Friday, January 16, 2009

New Scotland



Darned if I know!

Since my last post concerning the search for the maker or meaning of the SN float's cachet or maker's mark, there have been two very good emails sent to me concerning the mark.
The first is from Richard, who is the "hunting buddy." that Bob mentioned in his email to me concerning the possibility that the SN mark stands for the company, National Sea Products.

Richard said this:

Hi Tom,
I enjoyed reading your blog, and see you're working on the NS mystery.
I actually purchased my NS float in Lunenberg, Nova Scotia where the
sales lady told me it meant "National Sea". I think the lady was just
guessing, since the huge fish cannery there, now defunct, could never
have been supplied by glass float nets. However most of these floats
seem to come from the Northeast, not the UK or Norway.
Richard

He also jogged my memory by telling me that, "Nova Scotia," also meant "New Scotland."

Today, I received an email from a good friend, author and great glass float collector, Stu Farnsworth. Stu wrote this:

Funny thing about the NS float is that Charles (Abernethy) was the one that told me the Anchor floats and the Beautiful NS floats were from Scotland as both of his came from a Fisherman that used them in the Shetlands. So that is really all I ever had to go by under the feeling that a guess was better than not knowing at all, and once research was done, the real answer would come up.
I still would have a hard time believing that NS stands for Nova Scotia, but hey what do I know? I think that comes way too easy, and why would they come from Norway {where I got one several years ago}, and why would a Fisherman use them in the Shetlands? I know Nova Scotia was rich in fishing and it seems like the Northwest floats show up there all the time, and yes, I do see Euros from there, but I also have seen ones for sale in Nova Scotia that were from England {Made in Englands} and F1, F2 etc., etc., etc., that are from Norway.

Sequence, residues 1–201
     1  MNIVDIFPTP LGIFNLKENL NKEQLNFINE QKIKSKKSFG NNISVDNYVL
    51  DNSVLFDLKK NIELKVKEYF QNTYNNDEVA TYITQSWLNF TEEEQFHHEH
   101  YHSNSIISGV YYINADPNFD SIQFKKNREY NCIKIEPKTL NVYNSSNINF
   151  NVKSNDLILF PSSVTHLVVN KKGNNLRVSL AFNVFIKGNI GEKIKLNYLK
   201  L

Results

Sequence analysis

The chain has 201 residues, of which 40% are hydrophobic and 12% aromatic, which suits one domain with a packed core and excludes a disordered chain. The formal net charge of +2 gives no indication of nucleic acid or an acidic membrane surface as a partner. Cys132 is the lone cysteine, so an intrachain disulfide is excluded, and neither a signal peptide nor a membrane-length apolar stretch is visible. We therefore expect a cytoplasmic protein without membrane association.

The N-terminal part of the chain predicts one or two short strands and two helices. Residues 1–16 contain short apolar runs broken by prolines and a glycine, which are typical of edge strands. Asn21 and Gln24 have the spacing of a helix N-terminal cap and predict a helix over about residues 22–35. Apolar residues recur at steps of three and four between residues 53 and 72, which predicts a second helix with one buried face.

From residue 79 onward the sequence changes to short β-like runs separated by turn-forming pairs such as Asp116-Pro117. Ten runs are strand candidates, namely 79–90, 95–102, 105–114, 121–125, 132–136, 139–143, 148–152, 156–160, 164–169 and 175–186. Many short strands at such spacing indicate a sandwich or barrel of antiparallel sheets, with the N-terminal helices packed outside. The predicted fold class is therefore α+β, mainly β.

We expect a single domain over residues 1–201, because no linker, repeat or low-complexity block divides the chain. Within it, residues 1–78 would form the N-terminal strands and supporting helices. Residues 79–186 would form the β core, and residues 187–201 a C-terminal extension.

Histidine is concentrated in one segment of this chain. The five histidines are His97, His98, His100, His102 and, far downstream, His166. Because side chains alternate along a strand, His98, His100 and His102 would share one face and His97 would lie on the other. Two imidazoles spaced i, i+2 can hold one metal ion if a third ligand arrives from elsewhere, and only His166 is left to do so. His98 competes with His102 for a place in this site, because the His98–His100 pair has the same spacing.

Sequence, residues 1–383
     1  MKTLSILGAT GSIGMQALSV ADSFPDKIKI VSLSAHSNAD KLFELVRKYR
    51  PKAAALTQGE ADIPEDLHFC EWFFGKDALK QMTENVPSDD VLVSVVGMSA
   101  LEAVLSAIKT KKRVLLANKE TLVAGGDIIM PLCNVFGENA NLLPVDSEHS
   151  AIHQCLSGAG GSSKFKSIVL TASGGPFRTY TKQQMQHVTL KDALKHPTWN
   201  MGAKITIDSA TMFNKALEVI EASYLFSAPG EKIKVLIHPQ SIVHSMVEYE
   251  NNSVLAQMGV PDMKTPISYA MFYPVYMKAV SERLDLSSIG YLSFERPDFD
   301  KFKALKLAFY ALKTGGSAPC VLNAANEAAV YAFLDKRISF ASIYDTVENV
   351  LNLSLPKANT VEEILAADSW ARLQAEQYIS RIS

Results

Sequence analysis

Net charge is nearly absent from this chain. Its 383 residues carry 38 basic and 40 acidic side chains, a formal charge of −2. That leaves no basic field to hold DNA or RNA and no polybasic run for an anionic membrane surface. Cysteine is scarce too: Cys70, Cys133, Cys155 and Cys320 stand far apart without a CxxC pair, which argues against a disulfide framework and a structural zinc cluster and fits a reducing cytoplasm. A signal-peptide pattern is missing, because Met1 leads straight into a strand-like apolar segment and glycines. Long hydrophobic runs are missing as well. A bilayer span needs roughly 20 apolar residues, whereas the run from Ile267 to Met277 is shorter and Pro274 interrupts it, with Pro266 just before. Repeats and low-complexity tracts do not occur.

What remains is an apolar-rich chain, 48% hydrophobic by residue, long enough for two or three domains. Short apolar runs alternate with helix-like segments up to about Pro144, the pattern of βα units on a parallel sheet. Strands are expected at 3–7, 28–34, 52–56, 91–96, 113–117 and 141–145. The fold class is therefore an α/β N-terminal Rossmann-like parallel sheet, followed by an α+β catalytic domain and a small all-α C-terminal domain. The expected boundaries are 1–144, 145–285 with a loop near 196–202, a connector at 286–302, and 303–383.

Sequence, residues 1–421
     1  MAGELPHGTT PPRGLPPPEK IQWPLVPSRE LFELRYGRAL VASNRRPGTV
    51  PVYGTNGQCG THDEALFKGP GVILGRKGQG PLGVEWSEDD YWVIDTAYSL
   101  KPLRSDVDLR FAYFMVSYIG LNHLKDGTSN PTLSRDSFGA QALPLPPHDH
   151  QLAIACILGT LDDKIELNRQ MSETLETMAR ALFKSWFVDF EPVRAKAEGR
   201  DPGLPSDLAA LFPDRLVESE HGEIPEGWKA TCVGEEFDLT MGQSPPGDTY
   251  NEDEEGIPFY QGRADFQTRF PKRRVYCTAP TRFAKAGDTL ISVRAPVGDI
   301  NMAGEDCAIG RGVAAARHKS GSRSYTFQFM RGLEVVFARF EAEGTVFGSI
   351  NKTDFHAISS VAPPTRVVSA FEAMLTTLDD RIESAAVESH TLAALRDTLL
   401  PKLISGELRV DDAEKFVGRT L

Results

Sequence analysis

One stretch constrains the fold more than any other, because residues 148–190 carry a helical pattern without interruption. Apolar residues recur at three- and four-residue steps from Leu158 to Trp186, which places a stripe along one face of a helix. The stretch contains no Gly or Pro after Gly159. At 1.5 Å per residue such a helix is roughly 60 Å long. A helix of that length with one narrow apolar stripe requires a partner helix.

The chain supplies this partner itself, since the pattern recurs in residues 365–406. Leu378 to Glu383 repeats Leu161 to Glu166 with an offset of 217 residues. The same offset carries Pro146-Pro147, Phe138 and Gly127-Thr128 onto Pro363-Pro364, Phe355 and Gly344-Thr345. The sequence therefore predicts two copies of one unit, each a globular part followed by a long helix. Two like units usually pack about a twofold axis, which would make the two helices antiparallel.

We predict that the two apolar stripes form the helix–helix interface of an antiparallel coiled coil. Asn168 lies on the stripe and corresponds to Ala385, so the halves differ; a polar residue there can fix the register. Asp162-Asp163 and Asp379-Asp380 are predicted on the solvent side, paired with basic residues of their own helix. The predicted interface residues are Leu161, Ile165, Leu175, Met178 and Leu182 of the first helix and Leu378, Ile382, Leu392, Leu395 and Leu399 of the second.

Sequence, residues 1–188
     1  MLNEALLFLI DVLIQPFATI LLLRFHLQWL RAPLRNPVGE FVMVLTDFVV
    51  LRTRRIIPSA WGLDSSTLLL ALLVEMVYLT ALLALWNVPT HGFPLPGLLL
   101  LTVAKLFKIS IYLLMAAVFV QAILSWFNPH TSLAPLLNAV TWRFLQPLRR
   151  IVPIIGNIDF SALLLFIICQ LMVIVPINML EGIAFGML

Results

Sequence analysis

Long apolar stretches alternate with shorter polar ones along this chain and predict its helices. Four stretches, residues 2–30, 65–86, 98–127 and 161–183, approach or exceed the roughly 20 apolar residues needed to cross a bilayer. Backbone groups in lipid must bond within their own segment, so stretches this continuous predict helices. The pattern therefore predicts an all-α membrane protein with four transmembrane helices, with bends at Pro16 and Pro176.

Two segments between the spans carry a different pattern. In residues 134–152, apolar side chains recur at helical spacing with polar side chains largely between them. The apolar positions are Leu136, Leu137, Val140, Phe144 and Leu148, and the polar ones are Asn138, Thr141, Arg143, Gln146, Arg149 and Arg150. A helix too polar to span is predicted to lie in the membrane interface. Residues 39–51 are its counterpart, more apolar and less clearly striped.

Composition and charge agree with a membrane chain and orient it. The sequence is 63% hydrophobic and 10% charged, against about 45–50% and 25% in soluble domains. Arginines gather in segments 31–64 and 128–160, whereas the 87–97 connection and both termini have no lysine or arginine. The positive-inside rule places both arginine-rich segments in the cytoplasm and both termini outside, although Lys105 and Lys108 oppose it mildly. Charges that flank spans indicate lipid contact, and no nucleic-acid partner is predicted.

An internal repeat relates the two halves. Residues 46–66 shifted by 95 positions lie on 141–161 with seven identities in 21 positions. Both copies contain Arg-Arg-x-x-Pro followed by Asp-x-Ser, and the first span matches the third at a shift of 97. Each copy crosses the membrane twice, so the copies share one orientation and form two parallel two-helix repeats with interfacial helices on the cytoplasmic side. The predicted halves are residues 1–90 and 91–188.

Stu

So, here we go again. The conundrum we glass float collectors' encounter in our desire to find answers to the history, which is often solved by guesswork, speculation, deduction and extrapolation. It is so very hard to get a straight historical confirmation about these darn float embossings.

I want to go back to Richard writing, "Nova Scotia means New Scotland."

"Nova Scotia," is Latin for "New Scotland." In the late 1700's through the 1800's, many Highland Scots emigrated to Nova Scotia. Today, people of Scottish descent make up the highest percentage of the Nova Scotian population. The people of Nova Scotia are nicknamed, "Bluenoses". If you research the symbols of the country you will see a definite Scottish influence including the tartan print. This country was fished by all of the European fishing nations, as well as Canadian, American and possibly the Japanese fishermen too.

Fishing started very early in the history, definitely by the native Indian people, then later by the Vikings, followed by the French and so on. The shoal waters all along the Nova Scotian coastline were extremely rich in coldwater fish. The commercial fishing took place over a period of hundreds of years, until the coming of huge factory trawlers which supplied the ever increasing need for fish to feed the world's masses of people, animals and for commercial products, destroyed the fish populations. Finally, those waters and the fish were protected by international laws, and the days of heavy commercial fishing on all of the banks ended.